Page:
Inventing the Self

Narrative and Mr. Finston (Me!)

October 1st, 2013 by matthew finston · 5 Comments

As I mentioned in class, I entitled my concentration at Gallatin while at NYU “Narrative Theory.” I thought this was an apt title for numerous reasons. It sounded exotic enough. And it suggested the study of many things I was interested in. In retrospect, I cannot say that I really did “narrative theory” as it has evolved in the academic world nor can I say that I actually fully understand it. There was an idea, a type of study that I was interested in doing, but I don’t know if I ever did it, or whether it actually has to do with “narratives.”


This class is kind of exciting because it is the first time that I have taken a class that directly deals with “narrative theory.” And I have to admit, I don’t know if I like it. Not that I don’t enjoy the class. I do. But I am not sure whether thinking in terms of “narrative” actually adds anything to an object of study or  further obscures it. It definitely reorganizes our conception about the object of this course’s study. This week, psychologists affirm the value of using narratives for psychological analyses of identity. While at first, there may be an “aha” moment when we read McAdams and Laszlo, since their approach makes sense, especially after reading Damasio. Well, really, all the readings support this method. But Damasio is the “real” scholarly support because his work presupposes the cultural currency of “scientific” authority. “Storytelling is something brains do, naturally and implicitly” (Self Comes to Mind 311). But how? And why?


On the other hand, there is also a type of reductionism that occurs in recapitulating identity analysis through story grammar. By invoking narrative, the object of study (consciousness, identity, self) becomes imaginitive. Its existence has only a sociolinguistic reality. At the same time, now we have to figure out what the hell a narrative is and why brains do it “naturally and implicitly.” McAdams makes the same claim without substantiating it, “Human beings are storytellers by nature . . . many scholars have suggested that the human mind is first and foremost a vehicle for storytelling. We are born with a narrating mind, they argue ” (27-28 my emphasis). Who exactly says this? Well, Damasio claims that evolution selected the storytelling gene, teleologically presuming that individuals and cultures had a better chance of survival if they could tell stories. Maybe.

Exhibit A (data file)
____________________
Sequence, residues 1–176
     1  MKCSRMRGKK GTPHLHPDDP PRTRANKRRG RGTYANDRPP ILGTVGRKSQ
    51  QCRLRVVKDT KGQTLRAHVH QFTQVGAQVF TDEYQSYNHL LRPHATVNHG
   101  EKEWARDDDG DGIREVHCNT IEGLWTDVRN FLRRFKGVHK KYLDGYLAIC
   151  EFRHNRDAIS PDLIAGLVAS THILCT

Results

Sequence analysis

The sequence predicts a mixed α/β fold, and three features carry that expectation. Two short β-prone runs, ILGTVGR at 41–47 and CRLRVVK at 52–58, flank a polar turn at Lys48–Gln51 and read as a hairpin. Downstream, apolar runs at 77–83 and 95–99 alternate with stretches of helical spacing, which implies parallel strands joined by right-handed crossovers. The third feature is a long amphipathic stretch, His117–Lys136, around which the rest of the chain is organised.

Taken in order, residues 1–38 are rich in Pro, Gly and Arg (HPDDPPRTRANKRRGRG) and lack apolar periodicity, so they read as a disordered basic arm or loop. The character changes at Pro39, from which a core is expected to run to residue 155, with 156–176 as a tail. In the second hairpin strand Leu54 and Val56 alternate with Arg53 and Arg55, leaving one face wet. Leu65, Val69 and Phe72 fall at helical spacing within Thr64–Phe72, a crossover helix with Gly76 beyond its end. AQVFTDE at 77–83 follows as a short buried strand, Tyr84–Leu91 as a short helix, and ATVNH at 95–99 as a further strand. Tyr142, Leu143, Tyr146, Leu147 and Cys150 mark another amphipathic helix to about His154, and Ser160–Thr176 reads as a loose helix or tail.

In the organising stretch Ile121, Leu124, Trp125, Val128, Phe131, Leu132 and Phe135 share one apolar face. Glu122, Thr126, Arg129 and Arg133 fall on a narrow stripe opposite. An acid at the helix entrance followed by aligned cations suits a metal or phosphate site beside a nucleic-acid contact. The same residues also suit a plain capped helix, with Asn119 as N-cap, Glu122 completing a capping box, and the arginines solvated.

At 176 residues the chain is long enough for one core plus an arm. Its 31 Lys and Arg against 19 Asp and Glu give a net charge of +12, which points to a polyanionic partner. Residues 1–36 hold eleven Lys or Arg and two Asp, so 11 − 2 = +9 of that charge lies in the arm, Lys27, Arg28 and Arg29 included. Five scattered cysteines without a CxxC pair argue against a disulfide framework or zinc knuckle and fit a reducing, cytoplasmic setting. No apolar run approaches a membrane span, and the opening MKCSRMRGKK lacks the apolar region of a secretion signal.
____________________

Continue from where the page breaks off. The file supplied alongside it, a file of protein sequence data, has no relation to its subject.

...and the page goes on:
I still see narrative analysis useful. I decided to read the UN’s HDI report today, “The Rise of the South: Human Progress in a Diverse World,” and I thought I should share it. Reading this study after reading McAdams and Lazslo article, there was a second “aha” moment for me. If you apply story grammar to the study you can see that a moral narrative is at play. Particularly how nation-states are conceived as individualized characters and how this type of configuration erases and homogenizes their populations. Even embedded in the title one can here an echo of Christopher Nolan’s the Dark Knight Rises. There is a lot more, but I don’t want to spoil the fun. Also, check out page 4 where Amatrya Sen discusses Thomas Nagel’s paper “What is it Like to be a Bat.”
I suppose I can find narrative analysis is useful as long as so called “truth” isn’t presupposed from it. What was interesting to me about the idea of “narrative theory” was using story grammar to analyze society and history. That you could see in studies like the UN’s HDI report that objects, social groups, and/or individuals were being privileged through the mechanisms of storytelling. And, by recognizing the narrative grammar embedded in this study we can subsequently deconstruct the rhetorical hegemony being produced.